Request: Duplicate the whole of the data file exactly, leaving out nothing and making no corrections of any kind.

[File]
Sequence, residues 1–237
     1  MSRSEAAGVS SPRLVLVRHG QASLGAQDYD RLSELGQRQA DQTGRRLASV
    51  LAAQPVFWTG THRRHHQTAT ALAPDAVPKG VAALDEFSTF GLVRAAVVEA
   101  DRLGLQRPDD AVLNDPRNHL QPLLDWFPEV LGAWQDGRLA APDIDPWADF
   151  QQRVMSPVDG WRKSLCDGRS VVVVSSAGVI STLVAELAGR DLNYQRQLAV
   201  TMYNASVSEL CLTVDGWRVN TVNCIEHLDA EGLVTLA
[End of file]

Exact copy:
Sequence, residues 1–237
     1  MSRSEAAGVS SPRLVLVRHG QASLGAQDYD RLSELGQRQA DQTGRRLASV
    51  LAAQPVFWTG THRRHHQTAT ALAPDAVPKG VAALDEFSTF GLVRAAVVEA
   101  DRLGLQRPDD AVLNDPRNHL QPLLDWFPEV LGAWQDGRLA APDIDPWADF
   151  QQRVMSPVDG WRKSLCDGRS VVVVSSAGVI STLVAELAGR DLNYQRQLAV
   201  TMYNASVSEL CLTVDGWRVN TVNCIEHLDA EGLVTLA